A tale of two villages in the Cotswolds

Matthew Partridge explores The Slaughters Manor House in Gloucestershire and its environs

Exterior view of The Slaughters Manor House
(Image credit: The Slaughters Manor House)

For some people the Cotswolds is a place to visit during a family outing. Others admire it for its solitude, and the sense that it is a part of the country that has been passed by in the sprawl and bustle of modern life. 

Bourton-on-the-Water and Lower Slaughter are two villages within walking distance of each other, but while the former is a favourite with coach parties and day-trippers, the latter is altogether quieter and more tranquil.

As the name suggests, Bourton-on-the-Water is located on a river, the River Windrush. Every year a game of medieval football is played in the river, which runs right through the centre of the village, cutting it in two. 

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However, these halves have been united by five charming little bridges. This has given rise to the affectionate nickname of “Venice of the Cotswolds”, and while it may lack the soaring Renaissance architecture of the original, it contains no fewer than 114 listed buildings.

Bourton-on-the-Water  w fully lives up to its family-friendly reputation by providing plenty of things do in addition to offering charming cafés and restaurants. 

These include the Cotswold Motoring and Toy Museum, The Model Village and the Hawkstone Brewery. Birdland Park and Gardens may be small, but it is home to an impressive range of wildlife, from pelicans,  cranes and parrots to a king penguin called Spike, who  was recently voted the world’s most popular penguin by Penguin International, a conservation organisation.

Calm and peaceful Lower Slaughter is easily reached from Burton-on-the Water. Its name sounds sinister, but simply derives from the muddy land that results from it being located next to the Eye Stream. 

The village boasts some striking examples of traditional Cotswolds architecture – and there’s nothing more relaxing than quietly contemplating the Old Mill, while listening to the clip-clop of horses’ hooves. The equally picturesque village of Upper Slaughter can easily be reached via a path.

The River Windrush

The River Windrush: a surprising location for a game of medieval football

(Image credit: Getty Images)

A hotel with history

Located just two minutes from Lower Slaughter, and a 20-minute walk across a field from Bourton-on-the-Water, The Slaughters Manor House is the ideal hotel for those visiting either village. The house dates back over a thousand years to before William the Conqueror, and it was a convent for over 150 years before it became the family home of the high sheriff of Gloucestershire in 1611. 

It then remained in the high sheriff’s family for over 350 years, before becoming a hotel in 1963. Just over a decade ago it became part of the Andrew Brownsword group of boutique country hotels.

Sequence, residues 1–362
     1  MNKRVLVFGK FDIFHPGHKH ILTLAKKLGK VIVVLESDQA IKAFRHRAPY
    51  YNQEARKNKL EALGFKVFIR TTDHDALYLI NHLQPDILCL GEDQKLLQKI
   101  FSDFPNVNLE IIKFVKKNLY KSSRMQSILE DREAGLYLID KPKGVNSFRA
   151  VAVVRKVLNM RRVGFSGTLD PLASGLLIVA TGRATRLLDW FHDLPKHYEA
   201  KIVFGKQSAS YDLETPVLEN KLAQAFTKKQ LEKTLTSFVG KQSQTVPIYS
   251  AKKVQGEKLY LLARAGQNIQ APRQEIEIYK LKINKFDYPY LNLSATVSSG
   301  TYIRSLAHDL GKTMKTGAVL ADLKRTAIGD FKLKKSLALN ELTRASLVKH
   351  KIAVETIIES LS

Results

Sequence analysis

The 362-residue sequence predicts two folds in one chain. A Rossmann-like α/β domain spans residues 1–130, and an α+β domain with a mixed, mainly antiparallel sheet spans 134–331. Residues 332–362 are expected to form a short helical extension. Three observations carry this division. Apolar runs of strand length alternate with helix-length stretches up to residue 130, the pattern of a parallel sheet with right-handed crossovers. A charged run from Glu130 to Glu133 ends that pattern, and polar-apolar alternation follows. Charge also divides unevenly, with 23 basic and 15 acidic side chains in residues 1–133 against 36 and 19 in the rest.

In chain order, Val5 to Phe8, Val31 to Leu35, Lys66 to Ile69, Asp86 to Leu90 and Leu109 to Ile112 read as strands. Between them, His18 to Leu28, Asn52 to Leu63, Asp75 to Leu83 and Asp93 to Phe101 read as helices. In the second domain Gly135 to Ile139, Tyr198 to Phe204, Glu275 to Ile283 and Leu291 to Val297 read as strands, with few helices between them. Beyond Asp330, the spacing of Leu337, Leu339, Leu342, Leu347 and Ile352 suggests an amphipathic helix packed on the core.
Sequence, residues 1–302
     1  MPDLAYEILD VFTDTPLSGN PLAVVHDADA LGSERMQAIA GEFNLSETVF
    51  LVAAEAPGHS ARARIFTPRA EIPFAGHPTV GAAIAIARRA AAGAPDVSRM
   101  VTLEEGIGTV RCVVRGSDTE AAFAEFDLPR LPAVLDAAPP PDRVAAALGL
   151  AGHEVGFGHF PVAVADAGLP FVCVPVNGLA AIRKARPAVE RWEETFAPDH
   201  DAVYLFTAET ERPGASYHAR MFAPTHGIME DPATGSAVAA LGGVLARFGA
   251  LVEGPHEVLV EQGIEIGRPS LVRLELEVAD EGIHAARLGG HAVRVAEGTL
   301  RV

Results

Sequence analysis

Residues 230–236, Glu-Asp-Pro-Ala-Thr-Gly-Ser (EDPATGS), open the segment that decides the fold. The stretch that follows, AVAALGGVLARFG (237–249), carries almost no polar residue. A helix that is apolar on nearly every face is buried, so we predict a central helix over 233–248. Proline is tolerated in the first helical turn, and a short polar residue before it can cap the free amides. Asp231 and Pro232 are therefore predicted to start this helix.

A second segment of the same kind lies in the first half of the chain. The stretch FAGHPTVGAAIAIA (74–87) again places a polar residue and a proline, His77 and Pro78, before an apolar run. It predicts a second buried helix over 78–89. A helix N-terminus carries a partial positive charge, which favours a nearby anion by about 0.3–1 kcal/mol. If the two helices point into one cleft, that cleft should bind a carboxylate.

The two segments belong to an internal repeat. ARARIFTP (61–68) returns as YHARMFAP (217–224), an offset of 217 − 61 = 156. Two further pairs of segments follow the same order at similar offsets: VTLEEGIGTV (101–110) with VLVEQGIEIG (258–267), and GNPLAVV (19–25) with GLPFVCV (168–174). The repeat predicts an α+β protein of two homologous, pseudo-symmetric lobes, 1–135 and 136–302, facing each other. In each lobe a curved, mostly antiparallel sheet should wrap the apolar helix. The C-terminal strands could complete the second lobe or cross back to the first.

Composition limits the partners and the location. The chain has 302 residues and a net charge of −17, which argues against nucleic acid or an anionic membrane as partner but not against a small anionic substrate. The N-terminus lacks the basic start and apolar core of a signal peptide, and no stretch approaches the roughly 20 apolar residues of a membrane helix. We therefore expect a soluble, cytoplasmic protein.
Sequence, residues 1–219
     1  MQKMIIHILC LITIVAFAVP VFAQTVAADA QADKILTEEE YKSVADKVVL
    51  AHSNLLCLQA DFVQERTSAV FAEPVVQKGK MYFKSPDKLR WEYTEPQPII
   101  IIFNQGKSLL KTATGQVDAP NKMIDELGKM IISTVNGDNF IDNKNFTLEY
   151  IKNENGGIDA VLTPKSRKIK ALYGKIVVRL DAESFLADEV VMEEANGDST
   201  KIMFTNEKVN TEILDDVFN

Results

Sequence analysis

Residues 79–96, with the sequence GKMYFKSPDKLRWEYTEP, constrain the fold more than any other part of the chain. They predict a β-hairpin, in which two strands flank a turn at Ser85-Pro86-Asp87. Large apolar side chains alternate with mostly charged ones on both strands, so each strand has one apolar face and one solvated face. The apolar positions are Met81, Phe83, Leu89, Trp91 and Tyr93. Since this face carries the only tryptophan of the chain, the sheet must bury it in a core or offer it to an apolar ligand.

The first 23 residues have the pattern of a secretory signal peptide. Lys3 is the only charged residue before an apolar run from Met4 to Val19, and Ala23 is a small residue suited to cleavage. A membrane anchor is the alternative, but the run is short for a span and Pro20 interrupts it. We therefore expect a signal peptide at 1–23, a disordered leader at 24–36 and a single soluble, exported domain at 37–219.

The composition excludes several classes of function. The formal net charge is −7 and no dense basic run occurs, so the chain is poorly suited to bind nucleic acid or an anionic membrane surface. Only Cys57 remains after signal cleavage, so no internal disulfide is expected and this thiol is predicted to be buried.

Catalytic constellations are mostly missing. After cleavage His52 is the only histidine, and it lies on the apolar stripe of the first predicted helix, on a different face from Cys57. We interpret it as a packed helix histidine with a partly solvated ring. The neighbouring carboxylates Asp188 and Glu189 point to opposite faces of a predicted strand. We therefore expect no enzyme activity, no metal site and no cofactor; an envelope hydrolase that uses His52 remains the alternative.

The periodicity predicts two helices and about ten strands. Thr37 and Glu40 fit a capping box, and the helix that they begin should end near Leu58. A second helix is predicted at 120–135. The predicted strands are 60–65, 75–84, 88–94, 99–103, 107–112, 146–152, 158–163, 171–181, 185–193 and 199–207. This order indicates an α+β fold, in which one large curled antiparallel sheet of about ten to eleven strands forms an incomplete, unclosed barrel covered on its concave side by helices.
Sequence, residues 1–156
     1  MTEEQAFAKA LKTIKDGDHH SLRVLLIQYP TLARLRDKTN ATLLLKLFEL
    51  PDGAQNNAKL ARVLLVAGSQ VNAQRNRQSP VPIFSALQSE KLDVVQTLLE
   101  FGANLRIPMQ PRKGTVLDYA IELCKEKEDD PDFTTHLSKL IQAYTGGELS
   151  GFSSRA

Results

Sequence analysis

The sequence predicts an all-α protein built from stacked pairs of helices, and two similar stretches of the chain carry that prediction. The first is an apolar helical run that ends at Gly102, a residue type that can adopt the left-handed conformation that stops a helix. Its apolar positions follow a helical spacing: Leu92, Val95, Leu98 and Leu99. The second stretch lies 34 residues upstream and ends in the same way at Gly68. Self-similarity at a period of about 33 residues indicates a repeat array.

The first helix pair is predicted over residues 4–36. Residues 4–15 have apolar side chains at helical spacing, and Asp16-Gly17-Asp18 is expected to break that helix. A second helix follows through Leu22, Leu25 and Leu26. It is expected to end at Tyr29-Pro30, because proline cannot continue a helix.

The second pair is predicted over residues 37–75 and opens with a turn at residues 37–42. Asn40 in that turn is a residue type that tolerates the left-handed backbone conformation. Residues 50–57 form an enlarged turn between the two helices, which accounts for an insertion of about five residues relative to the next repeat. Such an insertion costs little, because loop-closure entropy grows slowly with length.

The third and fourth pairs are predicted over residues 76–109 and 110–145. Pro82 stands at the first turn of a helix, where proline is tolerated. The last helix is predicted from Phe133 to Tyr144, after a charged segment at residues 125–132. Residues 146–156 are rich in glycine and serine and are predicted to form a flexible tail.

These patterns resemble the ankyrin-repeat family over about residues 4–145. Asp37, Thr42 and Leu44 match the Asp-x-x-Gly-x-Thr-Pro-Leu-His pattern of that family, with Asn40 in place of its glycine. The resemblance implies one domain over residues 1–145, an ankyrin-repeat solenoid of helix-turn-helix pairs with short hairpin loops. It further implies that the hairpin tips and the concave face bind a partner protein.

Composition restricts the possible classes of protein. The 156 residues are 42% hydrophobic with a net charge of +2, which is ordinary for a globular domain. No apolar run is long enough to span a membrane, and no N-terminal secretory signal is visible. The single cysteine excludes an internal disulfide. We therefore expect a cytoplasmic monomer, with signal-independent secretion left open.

The Slaughters Manor House consists of 19 guest rooms, which range from classic rooms through to special suites that come with their own garden. The room I stayed in was furnished and designed in a way that would have satisfied any country squire or grandee, from the floral wallpaper down to the gilded mirrors. 

Indeed, the four-poster bed was so large and imposing that, even though I’m 5’11’’, I was grateful for the set of small steps provided to enable me to ascend to my resting place for the night.

The Slaughters Manor House also provides facilities to keep you occupied during your stay. Those who enjoy the country air will relish exploring the five acres of gardens, which contain sculptures as well as a croquet lawn and a tennis court. 

The hotel is has a billiards table  and a lounge with leather sofas, where you can sip the many cocktails on offer from the hotel’s bar.

Dining for connoisseurs

As well as the superb accommodation and facilities, the hotel offers an excellent culinary experience. I particularly enjoyed the Cornish crab quiche, along with the Cornish cod loin I had for my main course, at the restaurant located in the orangery. 

Do bear in mind that the food is designed for connoisseurs of fine dining, so families with small children might prefer the more relaxed all-day menu, which is served in the bar between Tuesdays  and Saturdays. 

Alternatively, The Slaughters Country Inn, its sister hotel, is located a few hundred yards away and has its own restaurant and bar menu.

Matthew was a guest of The Slaughters Manor House, where rooms start from £240, based on two people sharing, including breakfast, slaughtersmanor.co.uk

Dr Matthew Partridge

Matthew graduated from the University of Durham in 2004; he then gained an MSc, followed by a PhD at the London School of Economics.

He has previously written for a wide range of publications, including the Guardian and the Economist, and also helped to run a newsletter on terrorism. He has spent time at Lehman Brothers, Citigroup and the consultancy Lombard Street Research.

Matthew is the author of Superinvestors: Lessons from the greatest investors in history, published by Harriman House, which has been translated into several languages. His second book, Investing Explained: The Accessible Guide to Building an Investment Portfolio, is published by Kogan Page.

As senior writer, he writes the shares and politics & economics pages, as well as weekly Blowing It and Great Frauds in History columns He also writes a fortnightly reviews page and trading tips, as well as regular cover stories and multi-page investment focus features.

Follow Matthew on Twitter: @DrMatthewPartri